Many people have found themselves working from home during the COVID-19 pandemic. If you’re one of them, you might wonder, “Can I claim the home office deduction on my 2020 tax return?”
The short answer is: Only if you’re self-employed. Employees can no longer claim home office expenses, and even self-employed taxpayers must follow strict rules to claim a deduction.
If you qualify, you can deduct the “direct expenses” of the home office. This includes the costs of painting or repairing the home office and depreciation deductions for furniture and fixtures used there. You can also deduct the “indirect” expenses of maintaining the office. This includes the allocable share of utility costs, depreciation and insurance for your home, as well as the allocable share of mortgage interest, real estate taxes and casualty losses.
Alternatively, you can use the simplified method for claiming the deduction — $5 per square foot for up to 300 square feet. Although you won’t be able to depreciate the portion of your home that’s used as an office, you can claim mortgage interest, property taxes and casualty losses as an itemized deduction to the extent otherwise allowable, without needing to apportion them between personal and business use of the home.
You can deduct your expenses if you meet any of these three tests:
1. Principal place of business. You’re entitled to home office deductions if you use your home office, exclusively and regularly, as your principal place of business. Your home office is your principal place of business if it satisfies one of two tests. You satisfy the “management or administrative activities test” if you use your home office for administrative or management activities of your business, and you meet certain other requirements. You meet the “relative importance test” if your home office is the most important place where you conduct business, compared with all the other locations where you conduct that business.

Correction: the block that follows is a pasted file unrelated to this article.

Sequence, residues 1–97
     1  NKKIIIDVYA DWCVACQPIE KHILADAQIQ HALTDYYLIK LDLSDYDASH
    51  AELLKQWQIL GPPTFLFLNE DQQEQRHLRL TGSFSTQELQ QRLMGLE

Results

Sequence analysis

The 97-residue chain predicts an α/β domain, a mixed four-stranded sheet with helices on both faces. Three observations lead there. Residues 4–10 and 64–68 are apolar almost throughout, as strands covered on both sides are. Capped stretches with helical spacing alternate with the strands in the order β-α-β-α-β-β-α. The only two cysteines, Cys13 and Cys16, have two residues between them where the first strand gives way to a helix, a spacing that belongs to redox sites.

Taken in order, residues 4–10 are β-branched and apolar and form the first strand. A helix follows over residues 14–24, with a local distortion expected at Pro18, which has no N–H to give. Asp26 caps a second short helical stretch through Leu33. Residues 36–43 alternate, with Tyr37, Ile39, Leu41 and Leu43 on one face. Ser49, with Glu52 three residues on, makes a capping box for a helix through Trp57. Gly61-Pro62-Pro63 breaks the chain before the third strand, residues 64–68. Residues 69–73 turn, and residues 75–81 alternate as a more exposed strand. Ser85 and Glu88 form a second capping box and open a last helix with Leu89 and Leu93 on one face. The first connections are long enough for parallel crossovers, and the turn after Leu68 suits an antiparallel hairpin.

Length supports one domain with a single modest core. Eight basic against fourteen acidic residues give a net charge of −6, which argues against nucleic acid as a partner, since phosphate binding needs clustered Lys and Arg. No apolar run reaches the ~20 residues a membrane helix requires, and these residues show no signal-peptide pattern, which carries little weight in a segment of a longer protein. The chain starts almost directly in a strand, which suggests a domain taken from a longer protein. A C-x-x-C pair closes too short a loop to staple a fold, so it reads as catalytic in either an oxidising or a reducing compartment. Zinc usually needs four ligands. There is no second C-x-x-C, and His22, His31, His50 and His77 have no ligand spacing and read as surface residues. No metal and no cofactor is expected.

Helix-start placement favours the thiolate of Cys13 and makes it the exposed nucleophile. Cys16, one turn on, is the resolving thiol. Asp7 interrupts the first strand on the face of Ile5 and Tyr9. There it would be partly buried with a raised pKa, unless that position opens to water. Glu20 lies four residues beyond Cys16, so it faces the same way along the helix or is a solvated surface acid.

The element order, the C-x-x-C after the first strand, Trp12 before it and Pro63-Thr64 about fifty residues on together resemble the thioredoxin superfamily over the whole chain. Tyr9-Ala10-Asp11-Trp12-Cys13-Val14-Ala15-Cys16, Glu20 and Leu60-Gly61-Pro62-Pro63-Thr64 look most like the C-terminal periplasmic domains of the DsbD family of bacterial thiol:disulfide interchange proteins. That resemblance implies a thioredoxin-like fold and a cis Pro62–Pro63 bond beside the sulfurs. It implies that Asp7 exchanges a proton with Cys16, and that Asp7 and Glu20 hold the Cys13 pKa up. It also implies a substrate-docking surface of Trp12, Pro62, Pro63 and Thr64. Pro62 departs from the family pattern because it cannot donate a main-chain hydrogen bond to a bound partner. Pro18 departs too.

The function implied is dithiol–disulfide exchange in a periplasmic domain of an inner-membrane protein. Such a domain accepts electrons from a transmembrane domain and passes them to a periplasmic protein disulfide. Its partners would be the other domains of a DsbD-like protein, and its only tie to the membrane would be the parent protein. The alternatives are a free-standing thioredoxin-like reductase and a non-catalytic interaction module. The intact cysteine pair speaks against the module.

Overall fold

2. Meeting place. You’re entitled to home office deductions if you use your home office, exclusively and regularly, to meet or deal with patients, clients or customers. The patients, clients or customers must physically come to the office.
3. Separate structure. You’re entitled to home office deductions for a home office, used exclusively and regularly for business, that’s located in a separate unattached structure on the same property as your home. For example, this could be in an unattached garage, artist’s studio or workshop.
You may also be able to deduct the expenses of certain storage space for storing inventory or product samples. If you’re in the business of selling products at retail or wholesale, and if your home is your sole fixed business location, you can deduct home expenses allocable to space that you use to store inventory or product samples.
The amount of home office deductions for self-employed taxpayers is subject to various limitations. Proper planning is key to claiming the maximum deduction for your home office expenses. Contact us if you’d like to discuss your situation.